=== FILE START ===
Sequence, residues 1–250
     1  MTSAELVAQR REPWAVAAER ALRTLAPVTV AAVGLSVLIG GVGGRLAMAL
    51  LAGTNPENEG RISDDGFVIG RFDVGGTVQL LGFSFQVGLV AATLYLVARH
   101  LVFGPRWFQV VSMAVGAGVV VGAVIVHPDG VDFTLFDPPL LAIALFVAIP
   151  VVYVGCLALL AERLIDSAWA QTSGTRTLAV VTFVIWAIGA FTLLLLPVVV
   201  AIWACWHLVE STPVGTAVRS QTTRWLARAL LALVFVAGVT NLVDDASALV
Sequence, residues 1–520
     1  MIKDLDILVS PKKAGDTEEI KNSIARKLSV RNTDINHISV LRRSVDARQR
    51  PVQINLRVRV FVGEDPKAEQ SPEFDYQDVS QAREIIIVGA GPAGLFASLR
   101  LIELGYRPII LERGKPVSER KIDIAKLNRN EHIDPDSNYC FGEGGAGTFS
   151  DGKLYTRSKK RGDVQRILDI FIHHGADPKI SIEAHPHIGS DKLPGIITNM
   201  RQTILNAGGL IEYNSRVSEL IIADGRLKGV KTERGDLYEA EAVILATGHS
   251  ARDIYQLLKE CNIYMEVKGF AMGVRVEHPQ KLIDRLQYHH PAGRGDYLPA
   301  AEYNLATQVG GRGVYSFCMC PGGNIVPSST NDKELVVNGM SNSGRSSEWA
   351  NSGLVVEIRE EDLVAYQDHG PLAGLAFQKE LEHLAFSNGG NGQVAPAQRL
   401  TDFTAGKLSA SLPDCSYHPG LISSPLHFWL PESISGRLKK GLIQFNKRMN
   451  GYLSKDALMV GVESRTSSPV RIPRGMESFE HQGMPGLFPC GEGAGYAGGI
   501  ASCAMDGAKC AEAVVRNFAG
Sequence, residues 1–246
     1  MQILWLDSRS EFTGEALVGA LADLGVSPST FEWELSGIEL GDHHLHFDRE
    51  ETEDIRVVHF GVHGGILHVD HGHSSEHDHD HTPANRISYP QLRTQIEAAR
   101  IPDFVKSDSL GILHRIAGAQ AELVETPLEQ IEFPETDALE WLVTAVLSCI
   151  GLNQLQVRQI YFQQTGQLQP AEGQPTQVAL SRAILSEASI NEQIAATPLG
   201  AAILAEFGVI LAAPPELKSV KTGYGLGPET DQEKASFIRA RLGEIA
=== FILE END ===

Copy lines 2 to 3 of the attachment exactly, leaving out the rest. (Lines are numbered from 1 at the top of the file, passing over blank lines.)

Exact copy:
     1  MTSAELVAQR REPWAVAAER ALRTLAPVTV AAVGLSVLIG GVGGRLAMAL
    51  LAGTNPENEG RISDDGFVIG RFDVGGTVQL LGFSFQVGLV AATLYLVARH